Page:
When the new realignment plan was revealed there were concerns that certain rivalries being broken (Detroit and Chicago, for instance) would be a painful loss for the gains found by the proposed changes. Any lost rivalries will be instantly made up for by the formation of new rivalries, along with the reformation of some old ones. Detroit and Toronto will once again be conference rivals -- adding even more boom to next season's Winter Classic -- while having Pittsburgh and Columbus in the same conference will be a significant contributor to the future success of the Columbus Blue Jackets.
Out West, the Dallas Stars will see some old rivalries rekindled with the Colorado Avalanche and Chicago Blackhawks, while having the San Jose Sharks and Vancouver Canucks in the same conference will add all sorts of intrigue to postseason rivalries on the West Coast. Perhaps Winnipeg and Minnesota will find a geographical rivalry to draw upon, while the Nashville Predators seem to already be building a healthy rivalry with the Stars.
There's also the matter of increased exposure for teams out West, a thought which seems to be in contrast to the lamentations that the NHL would essentially have two powerhouse conferences that the national networks would fawn over while ignoring the rest. In reality, the new alignment would almost force more exposure onto teams out West as the NHL and NBC would need to continue to provide as diverse a selection to their programming as possible. Dallas, Colorado, Chicago, San Jose, Vancouver and Los Angeles could all expect to see an uptick in their exposure to national audiences.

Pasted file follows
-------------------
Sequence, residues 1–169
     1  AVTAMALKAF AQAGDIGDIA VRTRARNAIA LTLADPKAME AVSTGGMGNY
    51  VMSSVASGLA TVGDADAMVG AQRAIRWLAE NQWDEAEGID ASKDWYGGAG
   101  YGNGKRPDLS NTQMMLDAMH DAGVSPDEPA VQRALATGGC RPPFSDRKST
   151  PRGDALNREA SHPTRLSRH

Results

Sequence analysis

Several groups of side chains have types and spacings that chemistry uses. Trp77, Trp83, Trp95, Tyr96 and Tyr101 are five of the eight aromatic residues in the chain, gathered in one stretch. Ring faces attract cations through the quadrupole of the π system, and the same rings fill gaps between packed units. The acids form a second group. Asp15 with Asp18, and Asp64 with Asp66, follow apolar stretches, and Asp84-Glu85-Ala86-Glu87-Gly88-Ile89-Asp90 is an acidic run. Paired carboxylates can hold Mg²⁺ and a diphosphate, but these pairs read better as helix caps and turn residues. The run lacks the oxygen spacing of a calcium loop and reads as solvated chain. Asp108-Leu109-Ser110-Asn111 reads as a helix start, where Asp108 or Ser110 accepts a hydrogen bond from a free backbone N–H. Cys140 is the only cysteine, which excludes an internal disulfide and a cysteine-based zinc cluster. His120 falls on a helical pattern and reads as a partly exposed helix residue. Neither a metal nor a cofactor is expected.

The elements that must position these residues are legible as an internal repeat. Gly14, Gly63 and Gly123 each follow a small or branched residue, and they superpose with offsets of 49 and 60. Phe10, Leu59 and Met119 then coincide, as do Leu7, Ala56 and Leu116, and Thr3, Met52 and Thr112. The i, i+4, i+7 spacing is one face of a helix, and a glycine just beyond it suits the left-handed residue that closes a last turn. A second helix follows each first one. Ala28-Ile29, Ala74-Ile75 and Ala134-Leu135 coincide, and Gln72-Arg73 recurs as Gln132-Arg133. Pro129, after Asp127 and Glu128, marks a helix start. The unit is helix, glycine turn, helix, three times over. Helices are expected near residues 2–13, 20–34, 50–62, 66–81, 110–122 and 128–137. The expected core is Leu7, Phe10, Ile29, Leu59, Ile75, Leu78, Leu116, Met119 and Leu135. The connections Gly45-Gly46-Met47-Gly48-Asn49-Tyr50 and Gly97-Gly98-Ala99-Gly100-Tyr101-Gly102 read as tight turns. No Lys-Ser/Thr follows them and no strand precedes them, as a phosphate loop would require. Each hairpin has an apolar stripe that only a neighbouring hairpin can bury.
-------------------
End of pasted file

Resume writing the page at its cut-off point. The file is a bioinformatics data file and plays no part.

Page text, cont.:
Where all of this comes together, however, is in the postseason.
While the actual postseason format is still up in the air, there has been talk of a "wild card" format to be applied to the eight-team conferences out east. This could mean that the old divisional format to the playoffs would return -- which was to be applied as part of the scrapped realignment -- and once again create the level of divisional postseason rivalries that elevates hockey to the levels of greatness we enjoy whenever the playoffs roll around.
Under the divisional postseason format, teams must progress through their own conference before moving on to the "final four" of the postseason; yearly battles in the postseason between the same two or three teams is where the best rivalries in the NHL history have been born.
The new system, no matter what the actual postseason format will be agreed upon, would still not be perfect. The uneven distribution of teams between the conferences changes the competitive advantages certain teams will have of making the playoffs, and the issue of expansion or relocation seems to become even more muddled under this new realignment plan.
Perhaps the only true "losers" out West would be the Chicago Blackhawks, who lose a valuable rivalry with the Detroit Red Wings and will be counted upon to be the cash cow for their new conference while teams like Dallas, Nashville, St. Louis and Colorado fight hard to get back to a high level of hockey.
Nevertheless, most teams across the NHL -- and likely even the players -- will be more than ecstatic with this new realignment that finally finds some semblance of logic to the geographic distribution of the teams. Which, really, is all we've been asking for.